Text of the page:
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BNSF Railway and Vehicle Projects Develop Experimental Hydrogen Fuel-Cell Switch Locomotive; Locomotive-to-Grid Application Explored

Fuelcellloco
Drawing of the fuel-cell hybrid locomotive. Click to enlarge.

BNSF Railway Company and Vehicle Projects LLC, a developer of large fuel-cell vehicles such as mine loaders and mine locomotives, are leading a project consortium to develop an experimental hydrogen fuel-cell hybrid switch locomotive.

The vehicle platform is based on the Green Goat diesel-battery hybrid switcher, and the powerplant and hydrogen storage are based on the Citaro hydrogen fuel-cell transit bus (earlier post). The goal of the project is to demonstrate reduced air and noise pollution in urban rail applications, including yard switching; and to demonstrate the fuel-cell switchers for use as a mobile backup power source (“locomotive-to-grid”, or “power-to-grid”) for military bases and civilian disaster relief efforts.

Field testing is scheduled to begin later this year, with the LA Basin serving as the location for reduced emissions testing and Hill AFB in Utah serving as the location for the backup power application.

As a nation, two widely-accepted issues are global climate change and energy insecurity, which have a common factor—oil. The world burns millions of barrels of oil for energy, and the waste carbon is then emitted to the atmosphere. Because they don't rely on oil as a fuel source, fuel cells solve these two issues. Along with our principal partners, BNSF and the US Army, we at Vehicle Projects are developing proof-of-concept hydrogen fuel cell vehicles that are leading the way to this new technology.

—Arnold Miller, president, Vehicle Projects LLC
Fuelcellloco2
Yard switcher duty cycle. Click to enlarge.

The project team is replacing the 200kW diesel prime mover in the Green Goat switcher with a 250kW fuel cell powerplant—based on the powerplant of the Citaro bus—comprising two 125 kW modules. The auxiliary lead-acid traction battery allows transients in excess of 1 MW. The electrically driven rear traction-motor cooling fan and brake air compressor of the Green Goat will remain in place beside the prime mover.

For the power-to-grid application, an off-board power converter will convert the 600-850 VDC output of the fuel cell powerplant to the three-phase AC power of the military-base grid. The hybrid locomotive can provide 250 kW of power on a continuous basis but can provide power surges in excess of 1 MW. Its low acoustic noise and vibration are essential features of its practicality in power-to-grid applications.

Fourteen carbon-fiber composite tanks, located above the traction battery, store a total of 70 kg of compressed hydrogen at 350 bar. Vehicle Projects conducted a safety analysis showing that compressed hydrogen on the roof is essentially as safe as reversible metal-hydride storage in the undercarriage bay (i.e., replacing the diesel fuel tank); the high weight of metal-hydride storage precludes the roof location.

Locomotives require a fixed operating weight. Because the combined weights of the fuel cell powerplant and carbon-fiber hydrogen storage system are substantially lighter than the diesel genset and diesel fuel tank they replace, a steel-plate ballast of approximately 1.0 m3 volume will be placed in the undercarriage bay.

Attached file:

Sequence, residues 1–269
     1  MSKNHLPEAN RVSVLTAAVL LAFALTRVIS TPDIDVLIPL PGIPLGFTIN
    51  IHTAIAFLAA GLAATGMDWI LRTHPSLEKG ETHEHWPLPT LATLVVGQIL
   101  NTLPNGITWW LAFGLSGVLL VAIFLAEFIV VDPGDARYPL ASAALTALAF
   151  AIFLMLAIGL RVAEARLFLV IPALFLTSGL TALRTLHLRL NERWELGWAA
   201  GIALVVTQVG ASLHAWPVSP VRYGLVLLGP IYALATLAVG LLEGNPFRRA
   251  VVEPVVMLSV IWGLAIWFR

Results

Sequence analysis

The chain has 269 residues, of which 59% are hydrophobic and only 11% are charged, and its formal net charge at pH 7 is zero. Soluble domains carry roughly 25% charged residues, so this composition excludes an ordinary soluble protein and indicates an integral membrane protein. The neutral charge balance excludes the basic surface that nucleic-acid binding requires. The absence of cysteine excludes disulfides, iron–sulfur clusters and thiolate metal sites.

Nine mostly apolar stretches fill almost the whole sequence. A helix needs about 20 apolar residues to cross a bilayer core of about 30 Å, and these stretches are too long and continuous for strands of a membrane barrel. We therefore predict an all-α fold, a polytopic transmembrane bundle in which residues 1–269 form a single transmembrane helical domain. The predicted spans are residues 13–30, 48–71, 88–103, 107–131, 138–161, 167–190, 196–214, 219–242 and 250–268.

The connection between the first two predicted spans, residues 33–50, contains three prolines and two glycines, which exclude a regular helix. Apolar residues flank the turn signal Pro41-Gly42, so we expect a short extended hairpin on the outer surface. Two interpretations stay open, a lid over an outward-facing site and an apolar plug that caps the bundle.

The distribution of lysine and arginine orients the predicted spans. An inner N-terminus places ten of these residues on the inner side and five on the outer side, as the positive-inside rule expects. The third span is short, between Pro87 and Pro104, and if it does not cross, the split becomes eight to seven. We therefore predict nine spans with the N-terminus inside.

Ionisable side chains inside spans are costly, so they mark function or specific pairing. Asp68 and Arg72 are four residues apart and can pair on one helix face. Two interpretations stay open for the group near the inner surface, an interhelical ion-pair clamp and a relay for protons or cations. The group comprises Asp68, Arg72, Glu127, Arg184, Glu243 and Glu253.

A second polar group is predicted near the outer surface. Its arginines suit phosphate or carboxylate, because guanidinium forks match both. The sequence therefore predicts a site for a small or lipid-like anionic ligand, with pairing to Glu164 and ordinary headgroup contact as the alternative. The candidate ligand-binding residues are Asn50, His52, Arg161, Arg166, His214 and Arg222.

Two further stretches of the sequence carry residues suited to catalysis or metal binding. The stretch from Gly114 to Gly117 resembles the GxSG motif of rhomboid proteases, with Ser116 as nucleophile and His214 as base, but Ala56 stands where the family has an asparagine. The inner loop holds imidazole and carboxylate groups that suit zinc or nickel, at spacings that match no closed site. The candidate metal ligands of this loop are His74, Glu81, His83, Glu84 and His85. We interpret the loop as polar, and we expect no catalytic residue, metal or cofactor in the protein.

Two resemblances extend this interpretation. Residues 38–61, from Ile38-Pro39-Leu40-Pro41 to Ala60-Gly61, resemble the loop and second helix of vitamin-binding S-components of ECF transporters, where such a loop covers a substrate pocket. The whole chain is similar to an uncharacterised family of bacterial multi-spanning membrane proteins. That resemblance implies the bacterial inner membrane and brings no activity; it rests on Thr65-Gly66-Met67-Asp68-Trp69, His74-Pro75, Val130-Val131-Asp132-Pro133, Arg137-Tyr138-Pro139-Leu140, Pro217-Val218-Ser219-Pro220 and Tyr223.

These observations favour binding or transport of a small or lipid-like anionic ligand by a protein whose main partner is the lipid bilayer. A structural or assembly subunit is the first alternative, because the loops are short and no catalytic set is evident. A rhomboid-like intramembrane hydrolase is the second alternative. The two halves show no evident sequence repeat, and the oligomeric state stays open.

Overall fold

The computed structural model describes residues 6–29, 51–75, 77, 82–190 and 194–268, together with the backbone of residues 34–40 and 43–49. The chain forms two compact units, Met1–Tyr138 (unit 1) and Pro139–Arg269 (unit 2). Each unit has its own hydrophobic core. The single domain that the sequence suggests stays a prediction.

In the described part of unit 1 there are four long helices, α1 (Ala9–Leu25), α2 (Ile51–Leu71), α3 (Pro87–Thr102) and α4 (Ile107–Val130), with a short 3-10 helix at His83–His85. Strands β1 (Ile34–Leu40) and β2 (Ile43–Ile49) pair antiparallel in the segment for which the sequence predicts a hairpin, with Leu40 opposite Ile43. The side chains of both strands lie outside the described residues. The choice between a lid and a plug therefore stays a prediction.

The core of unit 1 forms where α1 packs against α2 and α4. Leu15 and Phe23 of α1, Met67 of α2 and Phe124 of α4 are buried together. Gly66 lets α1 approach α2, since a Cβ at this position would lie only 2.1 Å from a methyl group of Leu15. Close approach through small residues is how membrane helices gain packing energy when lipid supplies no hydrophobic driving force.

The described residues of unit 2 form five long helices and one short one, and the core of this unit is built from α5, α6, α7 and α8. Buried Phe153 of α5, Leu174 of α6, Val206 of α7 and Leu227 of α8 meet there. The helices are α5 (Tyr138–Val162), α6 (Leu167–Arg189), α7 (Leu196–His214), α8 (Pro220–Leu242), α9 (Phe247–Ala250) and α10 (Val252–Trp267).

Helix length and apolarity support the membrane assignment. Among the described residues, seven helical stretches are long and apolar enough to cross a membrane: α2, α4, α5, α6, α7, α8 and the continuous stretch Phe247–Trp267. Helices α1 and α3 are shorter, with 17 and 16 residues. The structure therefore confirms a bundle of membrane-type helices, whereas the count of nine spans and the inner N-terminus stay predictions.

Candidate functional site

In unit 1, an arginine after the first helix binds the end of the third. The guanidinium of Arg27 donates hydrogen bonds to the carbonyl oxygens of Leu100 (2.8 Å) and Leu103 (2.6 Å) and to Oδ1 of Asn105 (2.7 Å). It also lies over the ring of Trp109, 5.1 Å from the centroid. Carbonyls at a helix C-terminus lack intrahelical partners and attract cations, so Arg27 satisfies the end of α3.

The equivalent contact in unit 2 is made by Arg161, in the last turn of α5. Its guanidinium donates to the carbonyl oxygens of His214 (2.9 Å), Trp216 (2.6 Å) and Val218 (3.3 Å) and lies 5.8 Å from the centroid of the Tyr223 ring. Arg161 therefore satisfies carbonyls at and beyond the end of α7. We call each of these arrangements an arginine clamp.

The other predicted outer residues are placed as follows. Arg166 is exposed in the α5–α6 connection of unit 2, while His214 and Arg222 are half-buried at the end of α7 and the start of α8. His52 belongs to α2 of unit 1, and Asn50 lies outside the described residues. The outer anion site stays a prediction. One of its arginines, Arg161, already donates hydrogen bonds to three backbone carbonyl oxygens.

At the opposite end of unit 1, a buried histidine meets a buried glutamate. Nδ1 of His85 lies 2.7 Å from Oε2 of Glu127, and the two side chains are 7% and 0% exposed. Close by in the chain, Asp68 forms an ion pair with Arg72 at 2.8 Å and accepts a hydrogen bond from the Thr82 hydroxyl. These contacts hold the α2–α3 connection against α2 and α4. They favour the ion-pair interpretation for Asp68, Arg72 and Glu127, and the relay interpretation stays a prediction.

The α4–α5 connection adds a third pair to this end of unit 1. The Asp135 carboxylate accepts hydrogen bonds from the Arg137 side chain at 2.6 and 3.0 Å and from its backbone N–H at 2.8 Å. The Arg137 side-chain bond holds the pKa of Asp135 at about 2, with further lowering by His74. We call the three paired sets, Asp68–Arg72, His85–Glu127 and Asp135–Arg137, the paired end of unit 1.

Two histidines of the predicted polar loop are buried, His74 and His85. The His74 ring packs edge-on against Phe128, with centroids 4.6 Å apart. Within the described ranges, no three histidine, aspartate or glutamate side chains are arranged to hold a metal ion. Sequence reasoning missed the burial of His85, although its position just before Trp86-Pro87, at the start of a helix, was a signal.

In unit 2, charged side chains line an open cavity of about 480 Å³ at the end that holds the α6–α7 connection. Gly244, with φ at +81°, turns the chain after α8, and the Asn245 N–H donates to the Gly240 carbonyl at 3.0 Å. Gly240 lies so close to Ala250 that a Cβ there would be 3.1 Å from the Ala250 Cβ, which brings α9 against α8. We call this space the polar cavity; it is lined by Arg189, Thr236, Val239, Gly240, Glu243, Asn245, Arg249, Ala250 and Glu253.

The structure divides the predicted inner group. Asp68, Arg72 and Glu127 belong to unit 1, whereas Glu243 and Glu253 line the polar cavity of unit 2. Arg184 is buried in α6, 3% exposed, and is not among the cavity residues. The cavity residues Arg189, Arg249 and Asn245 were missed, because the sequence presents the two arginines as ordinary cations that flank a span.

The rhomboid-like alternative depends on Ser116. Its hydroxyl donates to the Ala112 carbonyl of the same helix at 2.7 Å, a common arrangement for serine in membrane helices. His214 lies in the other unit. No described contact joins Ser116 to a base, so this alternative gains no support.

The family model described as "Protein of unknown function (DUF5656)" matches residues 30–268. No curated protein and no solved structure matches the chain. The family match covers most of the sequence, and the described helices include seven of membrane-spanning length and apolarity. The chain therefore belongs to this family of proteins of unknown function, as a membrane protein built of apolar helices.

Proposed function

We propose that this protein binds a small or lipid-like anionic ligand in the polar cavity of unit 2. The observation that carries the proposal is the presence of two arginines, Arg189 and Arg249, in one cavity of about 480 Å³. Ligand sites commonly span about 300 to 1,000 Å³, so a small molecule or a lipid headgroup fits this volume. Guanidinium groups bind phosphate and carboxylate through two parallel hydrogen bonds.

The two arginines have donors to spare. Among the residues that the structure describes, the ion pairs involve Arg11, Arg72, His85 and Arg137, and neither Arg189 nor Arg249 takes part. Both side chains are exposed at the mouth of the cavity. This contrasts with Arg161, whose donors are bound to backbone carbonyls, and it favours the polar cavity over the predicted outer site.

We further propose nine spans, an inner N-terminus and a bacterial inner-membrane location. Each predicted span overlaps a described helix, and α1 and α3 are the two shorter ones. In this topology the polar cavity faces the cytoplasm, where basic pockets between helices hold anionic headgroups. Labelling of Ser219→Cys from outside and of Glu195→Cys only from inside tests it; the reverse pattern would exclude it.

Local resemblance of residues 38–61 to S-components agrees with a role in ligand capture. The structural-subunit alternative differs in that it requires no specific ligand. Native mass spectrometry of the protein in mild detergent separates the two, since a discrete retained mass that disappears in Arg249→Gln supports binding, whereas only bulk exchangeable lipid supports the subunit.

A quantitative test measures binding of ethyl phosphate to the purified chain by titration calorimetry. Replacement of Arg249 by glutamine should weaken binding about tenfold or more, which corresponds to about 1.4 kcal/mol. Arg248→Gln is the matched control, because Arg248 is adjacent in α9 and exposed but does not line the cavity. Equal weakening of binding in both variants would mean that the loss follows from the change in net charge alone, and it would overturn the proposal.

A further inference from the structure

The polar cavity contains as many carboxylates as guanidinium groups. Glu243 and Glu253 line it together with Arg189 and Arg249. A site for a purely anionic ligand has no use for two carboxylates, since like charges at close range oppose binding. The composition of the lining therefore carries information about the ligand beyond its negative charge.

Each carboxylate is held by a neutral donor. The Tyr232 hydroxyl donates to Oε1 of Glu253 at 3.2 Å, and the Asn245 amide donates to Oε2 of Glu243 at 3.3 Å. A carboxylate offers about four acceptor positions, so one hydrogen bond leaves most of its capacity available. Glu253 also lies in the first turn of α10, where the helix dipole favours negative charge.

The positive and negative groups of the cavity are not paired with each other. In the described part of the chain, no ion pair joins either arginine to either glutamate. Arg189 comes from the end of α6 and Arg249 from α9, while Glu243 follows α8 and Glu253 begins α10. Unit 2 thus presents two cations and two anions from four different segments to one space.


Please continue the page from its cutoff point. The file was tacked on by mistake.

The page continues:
The operating time of the fuel cell-hybrid switcher between refueling operations depends on the duty cycle. Under the most demanding duty cycles, one could expect an operating interval as short as one day, i.e., refueling on a daily basis; in less demanding yards, the interval may be 3-5 days. A major factor in the operating interval is the amount of idle time in the duty cycle.

Project Consortium Members
MemberContribution
American Superconductor (pending) Power electronics
Ballard Power Systems Fuel cell stack modules
BNSF Railway Company Industry funding; fabrication; vehicle integration; testing; yard demo
Defense Gen. & Rail Equipment Center (DGRC) Advising on military applications; power-to-grid demonstration
Dynetek Industries Hydrogen storage
RailPower Hybrid Technologies Manufacture of Green Goat Platform
Transportation Technologies Center, Inc. Railyway safety regulations
University of Nevada-Reno Refueling systems design
US Army (NAC) Project oversight
Vehicle Projects LLC Engineering design; project management
Washington Safety Management Solutions Safety Analysis

Resources

Comments

Max Reid

Its true that electrified railways cannot handle stacked double container wagons.

But they can convert from Diesel to Natgas and already 7.5 million vehicles the World over use that fuel, also some LNG tanker ships use Natgas as the fuel.
If the Hydrogen technology matures, we can switch over to it later.

Of late, the Bio-Natgas is supplied to homes thru pipelines.

1 good thing is that Railways in North America has almost recovered from near death and many cities are considering LRT as well.

Rafael Seidl

Gents, a switch locomotive is one used to shunt freight wagons around a yard, assembling and disassembling trains as needed. You could do this electrically, but only if you segregate that segment of the grid from the main line, otherwise the power spikes either way will play havoc with the system.

It's a lot cheaper to deploy ICE-based locomotives, typically diesels running on sulfur-laden off-road dross but that causes emissions problems. Let's focus on the specific application and not worry about the entire US rail network plus buses in this thread.

Stan Peterson

@ Rafael,

Yes the FC locomotives are rail yard switchers. Since these switch yards frequently occur in cities the pressure exist to clean up the local rail locomotives of which the switchers are the most common, since air quality attainment is a city problem.

The CARB has tried to address this be seeking a new generation of yard switchers based on clean diesel technology, (but not quite T2B5).

It is a manifestation that the primary producers of pollution have been reduced to next to nothing. So secondary, tertiary, and even smaller sources of pollution are now being addressed.

I speculated in a post not long ago that Fuel Cells would most likely enter the market at the high power high cost, end of the spectrum. I even suggested a Fuel Cell Locomotive. It turns out that such a yard dog was being designed, even then.